* Statistical significance at 95%.

** Statistical significance at 90%.

Table 3. Output at Minimum Efficient Scale

 [bar]Q/[Q.sub.Mes]

 All Years Early Mid Late
Oil
 Canada 0.965 0.560 1.545 0.929
 US 1.140 0.683 2.017 4.304
Paper
 Canada 0.564 0.227 0.637 0.289
 US 0.662 0.431 0.515 1.647
Steel
 Canada 0.293 0.244 0.343 0.271
 US 1.428 0.824 2.375 2.727
Textiles
 Canada 0.391 0.474 0.530 0.250
 US 0.800 0.697 1.239 2.573

Ealy = 1910-1945, Mid = 1946-1971, Late = 1972-1988.

Table 4. Average Cost at Minimum Efficient Scale

 [bar]AC/[C.sub.MES]

 All Years Early Mid Late
Oil
 Canada 1.038 1.581 1.430 1.009
 US 1.026 1.136 1.014 1.594
Paper
 Canada 1.035 1.260 1.022 1.175
 US 1.010 1.007 1.017 1.020
Steel
 Canada 1.352 1.425 1.293 1.390
 US 1.011 1.011 1.008 1.004
Textiles
 Canada 1.214 1.130 1.093 1.528
 US 1.090 1.315 1.030 1.035

Note: Early = 1910-1945, Mid = 1946-1971, Late = 1972-1988.


I would like to thank seminar participants at the Canadian Economics Association meetings in Vancouver, British Columbia, June 2000, and the Canadian Conference on the Use of Quantitative Methods in Economic History in Stratford, Ontario, October 2000. Herbert Emery, Byron Lew, Frank Lewis, Cherie Metcalf, Chris Minns, Angela Redish, Sean Rogers, Ronald Shearer, two anonymous referees, and the editor of this journal have read earlier drafts and offered comments and suggestions. Their contributions are gratefully acknowledged. All remaining errors and omissions are my own. Funding provided by the McGill Institute for the Study of Canada has been appreciated.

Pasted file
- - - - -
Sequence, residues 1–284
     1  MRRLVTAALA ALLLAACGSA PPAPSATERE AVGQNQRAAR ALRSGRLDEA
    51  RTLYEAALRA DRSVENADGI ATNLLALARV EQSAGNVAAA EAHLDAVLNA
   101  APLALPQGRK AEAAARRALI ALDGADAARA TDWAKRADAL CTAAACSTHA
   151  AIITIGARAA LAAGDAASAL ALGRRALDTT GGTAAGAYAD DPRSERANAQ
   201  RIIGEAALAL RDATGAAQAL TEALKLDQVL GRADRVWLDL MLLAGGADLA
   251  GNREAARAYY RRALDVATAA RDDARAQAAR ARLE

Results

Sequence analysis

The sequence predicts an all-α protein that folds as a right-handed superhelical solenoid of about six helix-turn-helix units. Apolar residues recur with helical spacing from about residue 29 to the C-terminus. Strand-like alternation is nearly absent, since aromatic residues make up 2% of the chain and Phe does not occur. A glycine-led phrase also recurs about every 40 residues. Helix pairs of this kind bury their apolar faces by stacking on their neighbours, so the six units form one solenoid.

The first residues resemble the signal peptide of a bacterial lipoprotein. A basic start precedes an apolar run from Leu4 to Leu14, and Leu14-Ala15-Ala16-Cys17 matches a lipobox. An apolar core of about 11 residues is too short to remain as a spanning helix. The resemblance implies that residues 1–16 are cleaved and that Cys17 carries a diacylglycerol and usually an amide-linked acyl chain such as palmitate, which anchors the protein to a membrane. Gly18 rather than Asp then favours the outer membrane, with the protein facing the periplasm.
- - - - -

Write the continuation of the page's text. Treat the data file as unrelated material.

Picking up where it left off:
(1) Throughout this article, the term "economies of scale" refers to internal economies only. Issues associated with external economies, economies of scope, and rationalization through entry and exit are potentially substantive determinants of trade-induced average cost convergence. However, these issues have largely been ignored in the FTA literature, particularly the empirical literature, and the ex ante, firm-based approach adopted in this article constrains our ability to do more than acknowledge their importance and suggest the need for further research.